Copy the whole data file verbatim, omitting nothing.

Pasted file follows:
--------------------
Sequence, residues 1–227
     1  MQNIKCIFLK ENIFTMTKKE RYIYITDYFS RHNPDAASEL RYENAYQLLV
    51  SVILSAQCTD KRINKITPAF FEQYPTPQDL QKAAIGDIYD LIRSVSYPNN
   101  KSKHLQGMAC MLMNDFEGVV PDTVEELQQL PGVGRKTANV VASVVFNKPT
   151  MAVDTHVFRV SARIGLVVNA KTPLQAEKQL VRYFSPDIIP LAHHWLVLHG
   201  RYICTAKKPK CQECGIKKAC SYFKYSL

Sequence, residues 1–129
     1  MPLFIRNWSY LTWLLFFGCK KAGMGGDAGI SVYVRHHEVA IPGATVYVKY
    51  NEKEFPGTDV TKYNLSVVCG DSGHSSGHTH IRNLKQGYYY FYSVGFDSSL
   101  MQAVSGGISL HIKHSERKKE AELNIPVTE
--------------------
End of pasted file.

Sequence, residues 1–227
     1  MQNIKCIFLK ENIFTMTKKE RYIYITDYFS RHNPDAASEL RYENAYQLLV
    51  SVILSAQCTD KRINKITPAF FEQYPTPQDL QKAAIGDIYD LIRSVSYPNN
   101  KSKHLQGMAC MLMNDFEGVV PDTVEELQQL PGVGRKTANV VASVVFNKPT
   151  MAVDTHVFRV SARIGLVVNA KTPLQAEKQL VRYFSPDIIP LAHHWLVLHG
   201  RYICTAKKPK CQECGIKKAC SYFKYSL

Sequence, residues 1–129
     1  MPLFIRNWSY LTWLLFFGCK KAGMGGDAGI SVYVRHHEVA IPGATVYVKY
    51  NEKEFPGTDV TKYNLSVVCG DSGHSSGHTH IRNLKQGYYY FYSVGFDSSL
   101  MQAVSGGISL HIKHSERKKE AELNIPVTE